New Bridge October the 7th 1780
Mr Ward’s Corps being situated on the end of Bergen Neck, two and thirty Miles from our Army, Major lee Begun to move yesterday after noon and to execute the plan which he had propos’d; he march’d Conceal’d through the woods so as to Arrive on the Ground By the Breack of the day.
he had with him his own Corps, Mjor Parr’s Riflemen, and a piquet of lighter infantry under Captain Abbot.
having Arriv’d in due time, with a secrecy and dispatch, with does Credit to himself and his troops—his object was much Reduc’d By the Unexpected Absence of the Greatest part of the Corps, and the plan precipitated By the Accidental visit of an officer Riding through the woods.
he then charg’d the Ennemy who had an officer kill’d, a lieutenant, fifteen privates, and about the same number of horses taken—he Retook Seven farmers who had been Stolen away By those people, and Return’d to them the property which had been taken from them—the Rest of the Ennemy’s Corps flew to theyr Boats, from where they fir’d without effect—Lee did not Loose a man, and had not one straggler.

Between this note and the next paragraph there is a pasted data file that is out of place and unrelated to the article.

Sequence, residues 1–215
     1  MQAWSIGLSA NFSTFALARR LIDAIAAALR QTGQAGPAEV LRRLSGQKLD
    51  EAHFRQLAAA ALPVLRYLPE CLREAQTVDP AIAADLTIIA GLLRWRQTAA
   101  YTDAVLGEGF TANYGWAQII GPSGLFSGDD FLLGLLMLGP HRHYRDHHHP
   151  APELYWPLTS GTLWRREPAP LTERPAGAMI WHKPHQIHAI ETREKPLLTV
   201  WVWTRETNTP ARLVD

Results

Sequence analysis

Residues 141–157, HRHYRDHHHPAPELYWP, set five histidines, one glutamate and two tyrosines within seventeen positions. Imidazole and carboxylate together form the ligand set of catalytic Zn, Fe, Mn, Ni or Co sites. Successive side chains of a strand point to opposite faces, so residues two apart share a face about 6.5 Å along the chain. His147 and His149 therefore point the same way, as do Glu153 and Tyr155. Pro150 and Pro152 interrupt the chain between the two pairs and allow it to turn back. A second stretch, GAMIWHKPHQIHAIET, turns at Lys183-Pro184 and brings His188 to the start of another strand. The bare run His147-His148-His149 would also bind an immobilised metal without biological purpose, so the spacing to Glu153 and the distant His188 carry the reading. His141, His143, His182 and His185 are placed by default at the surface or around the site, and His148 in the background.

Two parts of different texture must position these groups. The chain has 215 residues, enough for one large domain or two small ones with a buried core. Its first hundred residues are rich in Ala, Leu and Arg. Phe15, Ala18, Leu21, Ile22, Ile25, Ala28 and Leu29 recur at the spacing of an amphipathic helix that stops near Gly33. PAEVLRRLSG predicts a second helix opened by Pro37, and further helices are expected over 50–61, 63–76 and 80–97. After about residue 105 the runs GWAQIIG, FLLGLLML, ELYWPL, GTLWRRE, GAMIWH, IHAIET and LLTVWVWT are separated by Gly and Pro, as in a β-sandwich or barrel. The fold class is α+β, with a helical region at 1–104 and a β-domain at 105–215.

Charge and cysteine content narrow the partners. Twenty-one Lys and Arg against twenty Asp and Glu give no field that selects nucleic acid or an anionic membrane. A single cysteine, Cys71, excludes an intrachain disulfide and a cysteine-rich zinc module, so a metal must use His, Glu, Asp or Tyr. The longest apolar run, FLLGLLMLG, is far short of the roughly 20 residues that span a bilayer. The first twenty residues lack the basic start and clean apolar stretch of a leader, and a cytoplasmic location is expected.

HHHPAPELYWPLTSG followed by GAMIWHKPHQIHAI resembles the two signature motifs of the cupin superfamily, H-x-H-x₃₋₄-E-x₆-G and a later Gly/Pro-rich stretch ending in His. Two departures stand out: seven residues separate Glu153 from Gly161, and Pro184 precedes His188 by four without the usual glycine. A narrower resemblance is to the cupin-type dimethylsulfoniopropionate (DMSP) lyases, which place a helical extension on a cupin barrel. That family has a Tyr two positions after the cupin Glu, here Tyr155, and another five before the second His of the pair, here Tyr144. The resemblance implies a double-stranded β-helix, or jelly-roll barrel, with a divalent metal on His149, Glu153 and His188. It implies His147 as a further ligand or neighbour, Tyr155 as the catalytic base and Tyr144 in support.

Tho’ By Accident the object did not Become important, the distance and peculiar position of that Corps, as well as the manner in which the plan was executed, are a New instance of Mjor Lee’s Talents and enterprising Spirit.
To Support Majr Lee’s movement the light infantry took its line of March By the liberty pole, Clel Gimat’s Regiment Being station’d at Fort Lee, and the Militia of Mjor Gotcheus at Bull’s ferry.
As the Ennemy did not offer any disturbance, we Cross’d over the New Bridge, having the River in our front—To-morrow at the Break of the day our quarter Masters will go to Totawa Bridge, and I will March that Way at Sun Rise unless I Receive Contrary orders.
I hear that we have lost a Boat and four men, whom Lee will tomorrow exchange for Refugees.
With the Most tender and Respectfull attachement, I have the honor to be dear General Your most obedient humble servant